Whether it’s something you’ve dreamed of since childhood, or it came as a total surprise later in life, good business ideas happen.
They come in all shapes and sizes, with their own unique sets of needs and learning curves. There are a few things we can do to secure a business’ potential to grow and thrive, but they must happen in those pivotal early stages of development.
According to Chris Guillebeau, entrepreneur-turned-author of the best-selling $100 Startup: Reinvent the Way You Make a Living, Do What You Love, and Create a New Future, getting a new idea off the ground has never been easier.
Forbes interviewer Dan Schawbel got Guillebeau to elaborate on how today’s technology has presented vast and far-reaching platforms that allow shared ideas, goods and services to coalesce.
Coupled with consumers being more primed to make online purchases, this new landscape creates what Guillebeau refers to as “a perfect storm of economic convergence.”
Don’t Sweat the Small Stuff
There are many ways your business can fail before it’s standing on its own, and getting hung up on minor details is a sure-fire way to halt progress.
Many agonize over the catchiest name for their business or the cleverest URLs, getting caught in a viscous and unproductive cycle without achieving anything to make the stress worth it.
Set a short, definitive timeline for your startup, and don’t let worry over website layout or logo design keep your project from growing past its infancy.
Your business will change rapidly as you learn, and names or web domains are no exception. Leave room to grow!
A lot of startups lose steam not out of lack of creativity or capability, but by pushing too hard or too fast at the start.
We want our business to mature by leaps and bounds from the very beginning. But as we have to crawl before we can walk, also must we stumble a bit in the learning process before it’s possible to run and sustain a successful business.
Set small, consistent goals. Pursuing a career of your own creation can be one of the most rewarding journeys, but it takes many small steps to get to there.
Moves like attaining your federal Employee Identification Number to protect your private identity, making sure the relevant permits and licenses are acquired, or setting up a business bank account to avoid unnecessary liability are more important than even a name.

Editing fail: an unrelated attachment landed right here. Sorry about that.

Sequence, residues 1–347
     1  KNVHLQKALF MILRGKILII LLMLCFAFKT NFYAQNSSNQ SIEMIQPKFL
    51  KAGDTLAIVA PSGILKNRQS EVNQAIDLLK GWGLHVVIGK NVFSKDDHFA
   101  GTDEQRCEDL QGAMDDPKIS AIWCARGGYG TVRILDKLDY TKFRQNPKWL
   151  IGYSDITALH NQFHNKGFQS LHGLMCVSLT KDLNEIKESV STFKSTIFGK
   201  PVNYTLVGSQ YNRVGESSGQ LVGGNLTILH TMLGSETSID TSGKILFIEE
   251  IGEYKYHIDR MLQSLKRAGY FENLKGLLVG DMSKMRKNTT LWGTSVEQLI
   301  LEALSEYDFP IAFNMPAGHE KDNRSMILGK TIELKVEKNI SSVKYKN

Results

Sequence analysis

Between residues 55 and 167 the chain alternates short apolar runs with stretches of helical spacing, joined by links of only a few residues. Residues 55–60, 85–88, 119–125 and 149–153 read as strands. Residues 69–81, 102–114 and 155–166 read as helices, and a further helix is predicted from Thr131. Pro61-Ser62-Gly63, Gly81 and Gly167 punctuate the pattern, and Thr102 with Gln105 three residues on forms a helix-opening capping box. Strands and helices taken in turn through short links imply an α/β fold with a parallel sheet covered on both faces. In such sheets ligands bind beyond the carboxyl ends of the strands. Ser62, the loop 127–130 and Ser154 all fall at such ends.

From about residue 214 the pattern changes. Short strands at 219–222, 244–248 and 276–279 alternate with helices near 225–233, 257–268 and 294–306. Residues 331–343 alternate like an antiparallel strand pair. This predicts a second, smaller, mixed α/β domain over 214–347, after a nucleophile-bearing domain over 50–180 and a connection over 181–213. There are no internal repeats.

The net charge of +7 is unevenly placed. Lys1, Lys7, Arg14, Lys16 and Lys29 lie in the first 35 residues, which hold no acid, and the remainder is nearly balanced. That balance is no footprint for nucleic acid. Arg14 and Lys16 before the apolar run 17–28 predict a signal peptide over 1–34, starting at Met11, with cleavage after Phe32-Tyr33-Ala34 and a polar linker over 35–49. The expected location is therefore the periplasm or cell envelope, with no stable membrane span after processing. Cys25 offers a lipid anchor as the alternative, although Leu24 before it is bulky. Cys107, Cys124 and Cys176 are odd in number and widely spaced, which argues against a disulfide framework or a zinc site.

Jeff Haden, contributing Editor for Inc. magazine, goes into more detail about the manifold, yet fairly easy to obtain prerequisites for legitimizing your business. Haden is a big proponent of laying the groundwork and economizing on time in the early stages of development to allow for greater pay off in the long run.
“Instead of spending hours playing with accounting software, dreaming up potential expense and income categories and creating fancy reports with no data, spend that time generating revenue,” he suggests.
As children, it is difficult to envision the end game of a project when there is an insurmountable obstacle in our way.
One such obstacle facing today’s entrepreneurs in their adult life is the ever-dreaded need for startup capital.
The good news is, you can do your business an overwhelming amount of good if you can budget carefully, be mindful of resources and perfect your pitch.
Here are a few ways to nurture your business that won’t break the bank:
Know where you can consolidate
Starting a business requires certain concessions be made to keep the venture afloat. This can mean cutting back on luxuries like additional employees, office space or an entire service or product until the revenue can support it.
Resources can come from anywhere
While raising capital is never fun, we live in a time where there are multiple ways to acquire funding: angel investors, government grants through the Small Business Administration, bank loans, even friends and family.
Don’t forget crowdfunding. Social media makes it simple to raise startup cash and connect with like-minded individuals who want to contribute.
But remember, there are plenty of cautionary tales of high-profile startups that have crashed and burned, so be sure you can deliver. Nobody wants to be the next Plastc.
Keep Working Hard
The best part of all this work? You get to invest in your business with the capital you’ve raised.
“Once you start realizing some revenue, you can invest in yourself and build the business you imagined piece by piece rather than all at once,” adds Jayson Demers, a regular contributor for Entrepreneur.
You’re bound to break a sweat, but the journey is a rewarding one and can mean a lifetime of constant improvement and success.
Come back next month for part two of our series on crucial startup mindsets.